I forgot to mention that we were located in Hellasgarden, a beautiful natural reserve in Stockholm, and our camp houses were situated in a small woods, so we spent a lot of time outside, sunbathing. We also shared our little houses with people from other countries, had all meals together, and even showered in a big joint shower next to the spa. It was a bit crazy in the beginning, but then it became a routine for all of us. Another thing I forgot to mention was washing the dishes on schedule and also cooking traditional food from all the countries, although I believe that only Bulgaria and Italy did it.
The intercultural night was the peak of the project – I was sadly in bed with my 7th cup of tea, and I just dropped by shortly for a refill. It was a party where every country had a table with souvenirs, food, and snacks. I believe they listened to music from all the countries and had some traditional and modern dances.
One of the final activities included reflection done in groups – creating a photo album, writing a text for social media in all languages, and then translating it to English, making a video, and creating a newsletter.
Click on the photo below to be taken to the online reflection album the group created together. 🙂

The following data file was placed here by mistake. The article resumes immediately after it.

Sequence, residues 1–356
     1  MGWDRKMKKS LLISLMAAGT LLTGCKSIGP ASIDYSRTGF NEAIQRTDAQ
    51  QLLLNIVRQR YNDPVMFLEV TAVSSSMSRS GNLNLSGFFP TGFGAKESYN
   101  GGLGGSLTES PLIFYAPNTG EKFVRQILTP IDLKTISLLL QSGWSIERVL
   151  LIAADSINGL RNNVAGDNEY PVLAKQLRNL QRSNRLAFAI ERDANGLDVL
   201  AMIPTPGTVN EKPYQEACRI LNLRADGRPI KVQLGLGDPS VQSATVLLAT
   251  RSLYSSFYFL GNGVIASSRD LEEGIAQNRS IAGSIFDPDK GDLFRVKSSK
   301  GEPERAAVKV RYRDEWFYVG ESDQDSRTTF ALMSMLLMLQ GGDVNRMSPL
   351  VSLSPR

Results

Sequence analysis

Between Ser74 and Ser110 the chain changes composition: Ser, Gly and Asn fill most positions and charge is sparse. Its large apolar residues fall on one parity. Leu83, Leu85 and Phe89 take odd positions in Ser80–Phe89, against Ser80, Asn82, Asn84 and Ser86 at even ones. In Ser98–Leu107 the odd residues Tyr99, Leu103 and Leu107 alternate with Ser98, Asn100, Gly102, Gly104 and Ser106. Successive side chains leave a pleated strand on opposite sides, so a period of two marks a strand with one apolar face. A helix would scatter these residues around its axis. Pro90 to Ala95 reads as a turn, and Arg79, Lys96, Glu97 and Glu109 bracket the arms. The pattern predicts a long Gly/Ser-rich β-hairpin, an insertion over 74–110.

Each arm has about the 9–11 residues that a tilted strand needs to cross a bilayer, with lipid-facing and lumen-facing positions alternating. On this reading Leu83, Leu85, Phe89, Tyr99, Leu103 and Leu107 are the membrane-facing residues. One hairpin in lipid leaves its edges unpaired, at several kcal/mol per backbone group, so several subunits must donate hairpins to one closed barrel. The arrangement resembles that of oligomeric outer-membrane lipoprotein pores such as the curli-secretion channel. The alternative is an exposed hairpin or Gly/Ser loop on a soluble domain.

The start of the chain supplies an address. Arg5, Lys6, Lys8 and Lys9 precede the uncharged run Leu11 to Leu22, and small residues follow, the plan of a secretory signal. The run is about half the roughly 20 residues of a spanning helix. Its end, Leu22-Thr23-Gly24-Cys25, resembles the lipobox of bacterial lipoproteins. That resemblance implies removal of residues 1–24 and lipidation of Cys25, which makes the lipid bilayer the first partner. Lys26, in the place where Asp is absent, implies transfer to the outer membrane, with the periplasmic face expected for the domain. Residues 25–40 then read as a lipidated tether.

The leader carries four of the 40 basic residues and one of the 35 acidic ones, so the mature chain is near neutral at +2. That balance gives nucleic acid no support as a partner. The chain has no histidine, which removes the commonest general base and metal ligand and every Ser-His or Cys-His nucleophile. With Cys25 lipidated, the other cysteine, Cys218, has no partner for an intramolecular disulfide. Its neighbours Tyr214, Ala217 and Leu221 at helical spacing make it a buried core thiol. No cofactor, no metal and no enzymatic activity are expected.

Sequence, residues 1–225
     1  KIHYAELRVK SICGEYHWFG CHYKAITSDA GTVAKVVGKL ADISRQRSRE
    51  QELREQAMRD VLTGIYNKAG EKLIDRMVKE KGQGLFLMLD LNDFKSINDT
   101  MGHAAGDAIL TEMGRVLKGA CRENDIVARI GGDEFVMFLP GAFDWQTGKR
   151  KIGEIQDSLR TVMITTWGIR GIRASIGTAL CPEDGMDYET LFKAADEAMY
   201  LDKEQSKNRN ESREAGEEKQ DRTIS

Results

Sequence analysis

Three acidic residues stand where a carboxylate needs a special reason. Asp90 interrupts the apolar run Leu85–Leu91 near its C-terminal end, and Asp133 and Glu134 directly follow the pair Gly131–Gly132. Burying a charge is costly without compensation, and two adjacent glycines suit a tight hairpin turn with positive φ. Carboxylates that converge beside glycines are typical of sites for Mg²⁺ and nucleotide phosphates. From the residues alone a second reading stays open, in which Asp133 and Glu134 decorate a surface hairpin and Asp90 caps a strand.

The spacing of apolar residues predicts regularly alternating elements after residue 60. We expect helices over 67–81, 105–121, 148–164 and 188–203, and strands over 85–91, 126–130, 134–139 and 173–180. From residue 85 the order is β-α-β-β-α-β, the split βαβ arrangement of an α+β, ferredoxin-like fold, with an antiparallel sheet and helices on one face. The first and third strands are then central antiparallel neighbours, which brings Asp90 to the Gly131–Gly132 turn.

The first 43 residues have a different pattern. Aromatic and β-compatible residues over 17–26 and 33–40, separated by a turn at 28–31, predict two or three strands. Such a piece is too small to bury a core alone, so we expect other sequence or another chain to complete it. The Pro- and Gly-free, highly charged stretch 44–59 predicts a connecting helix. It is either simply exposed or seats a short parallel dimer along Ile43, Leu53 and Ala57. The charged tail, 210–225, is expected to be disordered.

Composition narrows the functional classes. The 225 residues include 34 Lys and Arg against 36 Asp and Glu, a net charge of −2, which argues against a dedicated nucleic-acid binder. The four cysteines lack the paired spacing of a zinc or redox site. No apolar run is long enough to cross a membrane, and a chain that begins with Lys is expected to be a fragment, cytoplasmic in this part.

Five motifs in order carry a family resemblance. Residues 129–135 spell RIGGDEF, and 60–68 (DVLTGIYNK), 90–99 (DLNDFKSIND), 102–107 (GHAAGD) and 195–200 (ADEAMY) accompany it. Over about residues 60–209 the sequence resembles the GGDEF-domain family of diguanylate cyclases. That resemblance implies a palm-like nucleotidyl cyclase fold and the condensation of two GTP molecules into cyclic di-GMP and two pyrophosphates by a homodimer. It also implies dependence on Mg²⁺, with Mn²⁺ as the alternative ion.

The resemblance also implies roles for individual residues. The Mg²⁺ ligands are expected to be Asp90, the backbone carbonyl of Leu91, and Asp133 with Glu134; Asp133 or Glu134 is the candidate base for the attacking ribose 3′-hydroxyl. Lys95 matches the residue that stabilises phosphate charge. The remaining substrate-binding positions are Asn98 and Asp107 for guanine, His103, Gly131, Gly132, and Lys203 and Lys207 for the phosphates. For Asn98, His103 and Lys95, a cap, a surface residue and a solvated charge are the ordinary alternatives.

Finally, here is a photo of the full team – the participants of the project came from Slovakia, Bulgaria, Serbia, Austria Sweden, and Italy. ♥
During the project, I also spent time in a preschool in Stockholm to continue my academic research about environmental education at the preschool level. I was mind blown by the quality of their curriculum! You can read more about it here:
At the end of the project, all of the participants received Youth Pass certificates for informal personal development. Being an adult teacher, this certificate does not mean much to me, but it is certainly valuable for teenagers. Additional page of the Youth Pass also included reflection about specific 21st-century skills such as literacy, mathematical skills, communication, critical thinking, collaboration, creativity, and last but not least, digital literacy.
Even though I really don’t need that kind of certificate (I have participated in tons of personal and professional development programs), I can’t deny the impact this project had on all of us.Not everything was perfect, but we all developed as individuals, improved our language skills, communicational skills, and most of all, we had a chance to meet a lot of people and discuss current topics in the workshops. I firmly believe that Youth Exchanges make participants grow faster than they would in their country, while also making them feel less isolated when it comes to certain cultural and social issues they encounter daily.
Have you ever participated in a Youth Exchange? What impact this exchange had on you as an individual? If you haven’t been a part of an exchange, would you love to and why?